urban institute nonprofit social and economic policy research


thoughtful latino boy

The immigrant population in the United States has burgeoned over the past few decades. From 1990 to 2006, the number of immigrants rose from 20 million to more than 37 million. Urban Institute immigration policy experts study how the foreign-born population is growing, integrating, and changing.

We have analyzed immigrants' contributions to the labor force and the economy, tracked fast-growing immigrant communities, studied the effect of No Child Left Behind on immigrant children and English Language Learners, and surveyed foreign-born households’ health, well-being, and economic mobility. Read more.

Featured Links

Related Policy Centers

Viewing 1-8 of 320. Most recent posts listed first.Next Page >>

Immigrant Youth Outcomes: Patterns by Generation and Race and Ethnicity (Research Report)
Maria E. Enchautegui

This report compares immigrant and nonimmigrant youth along 40 indicators of wellbeing, making comparisons by generation and by race and ethnicity. Immigrant youth are born abroad or born in the United States of foreign-born parents. In most outcomes examined, immigrant youth become more similar to nonimmigrants across successive generations, but inequalities persist in most outcomes. Analysis by race and ethnicity show a U turn in third generation Latinos as differentials that had been reduced or that had disappeared by the second generation reemerge or increase by the third generation.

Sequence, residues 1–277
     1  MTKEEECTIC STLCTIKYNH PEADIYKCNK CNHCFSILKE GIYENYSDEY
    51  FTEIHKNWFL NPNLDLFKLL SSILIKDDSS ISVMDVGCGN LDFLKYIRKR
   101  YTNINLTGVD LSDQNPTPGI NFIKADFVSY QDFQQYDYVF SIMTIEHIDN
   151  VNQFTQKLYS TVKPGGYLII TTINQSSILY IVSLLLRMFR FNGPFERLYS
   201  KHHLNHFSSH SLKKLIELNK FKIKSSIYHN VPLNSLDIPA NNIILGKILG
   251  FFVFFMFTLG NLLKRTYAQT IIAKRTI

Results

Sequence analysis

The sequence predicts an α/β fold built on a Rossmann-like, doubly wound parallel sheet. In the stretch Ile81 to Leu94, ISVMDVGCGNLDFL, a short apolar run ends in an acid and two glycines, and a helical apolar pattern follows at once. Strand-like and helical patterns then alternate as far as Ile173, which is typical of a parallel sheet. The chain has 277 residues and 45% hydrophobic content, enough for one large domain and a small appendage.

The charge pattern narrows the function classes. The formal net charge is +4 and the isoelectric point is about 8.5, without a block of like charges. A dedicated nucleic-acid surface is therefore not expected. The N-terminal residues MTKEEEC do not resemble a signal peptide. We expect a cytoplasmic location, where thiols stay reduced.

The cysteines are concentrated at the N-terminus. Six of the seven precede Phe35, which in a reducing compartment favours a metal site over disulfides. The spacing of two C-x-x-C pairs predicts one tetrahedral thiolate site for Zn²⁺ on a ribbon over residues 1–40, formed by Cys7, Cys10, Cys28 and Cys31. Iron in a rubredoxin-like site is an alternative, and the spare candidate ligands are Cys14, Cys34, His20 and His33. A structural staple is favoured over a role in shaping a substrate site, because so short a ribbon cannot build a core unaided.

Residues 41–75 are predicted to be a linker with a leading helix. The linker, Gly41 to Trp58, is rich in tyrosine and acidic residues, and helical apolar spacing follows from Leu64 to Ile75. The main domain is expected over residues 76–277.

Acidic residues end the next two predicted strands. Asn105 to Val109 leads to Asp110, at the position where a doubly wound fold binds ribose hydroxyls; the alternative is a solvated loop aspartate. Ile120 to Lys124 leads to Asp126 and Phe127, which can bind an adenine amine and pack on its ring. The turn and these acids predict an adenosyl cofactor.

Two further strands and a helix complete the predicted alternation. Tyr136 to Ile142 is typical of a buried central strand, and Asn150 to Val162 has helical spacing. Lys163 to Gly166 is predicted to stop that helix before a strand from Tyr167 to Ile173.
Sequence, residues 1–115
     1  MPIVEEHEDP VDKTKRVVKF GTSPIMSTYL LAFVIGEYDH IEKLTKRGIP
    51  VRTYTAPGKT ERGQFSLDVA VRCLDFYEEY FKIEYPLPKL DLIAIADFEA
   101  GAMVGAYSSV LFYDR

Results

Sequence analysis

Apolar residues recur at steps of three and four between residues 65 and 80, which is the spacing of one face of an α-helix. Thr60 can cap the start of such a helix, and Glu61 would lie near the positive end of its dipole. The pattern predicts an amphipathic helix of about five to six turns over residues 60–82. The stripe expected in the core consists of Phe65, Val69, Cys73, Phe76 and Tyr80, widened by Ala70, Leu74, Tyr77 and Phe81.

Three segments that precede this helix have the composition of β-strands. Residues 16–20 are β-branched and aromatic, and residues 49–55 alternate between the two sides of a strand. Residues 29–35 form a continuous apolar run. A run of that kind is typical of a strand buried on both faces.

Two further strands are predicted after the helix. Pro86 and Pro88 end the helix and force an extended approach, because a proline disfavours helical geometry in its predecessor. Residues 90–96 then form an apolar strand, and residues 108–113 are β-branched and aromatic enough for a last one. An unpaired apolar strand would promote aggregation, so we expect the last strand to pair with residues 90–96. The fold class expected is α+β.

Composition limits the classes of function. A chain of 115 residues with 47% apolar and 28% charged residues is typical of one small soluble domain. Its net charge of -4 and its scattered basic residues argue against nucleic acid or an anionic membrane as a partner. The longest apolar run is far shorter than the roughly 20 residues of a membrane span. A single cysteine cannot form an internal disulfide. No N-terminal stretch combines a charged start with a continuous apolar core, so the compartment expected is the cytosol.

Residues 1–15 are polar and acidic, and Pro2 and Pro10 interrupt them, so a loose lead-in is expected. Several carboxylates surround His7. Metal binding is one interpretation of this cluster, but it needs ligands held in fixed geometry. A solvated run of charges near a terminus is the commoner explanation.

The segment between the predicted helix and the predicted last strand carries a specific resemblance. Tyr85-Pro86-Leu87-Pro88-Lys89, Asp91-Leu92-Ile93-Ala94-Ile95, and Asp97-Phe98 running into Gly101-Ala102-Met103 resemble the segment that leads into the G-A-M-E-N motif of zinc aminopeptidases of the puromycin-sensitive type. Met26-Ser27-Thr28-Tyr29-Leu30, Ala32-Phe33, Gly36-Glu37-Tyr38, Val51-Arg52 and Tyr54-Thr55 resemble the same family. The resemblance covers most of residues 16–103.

Posted to Web: September 23, 2014Publication Date: September 23, 2014

From Cradle to Career: The Multiple Challenges Facing Immigrant Families in Langley Park Promise Neighborhood (Research Report)
Molly M. Scott, Graham MacDonald, Juan Collazos, Ben Levinger, Eliza Leighton, Jamila Ball

With estimates predicting that immigrants and their children will account for most of U.S. population growth over the next 4 decades, it is critical to understand how to build ladders of opportunity for these families. This report is a complete assessment of the needs of Langley Park, an immigrant neighborhood outside Washington, DC. Langley Park families are resilient but experience substantial hardships that may stall the progress of subsequent generations. At six crucial life transitions, children lag behind on indicators of future success. Fortunately, the data pinpoint not only the gaps, but also opportunities for change.

Posted to Web: June 23, 2014Publication Date: June 23, 2014

 Next Page >>
Email this Page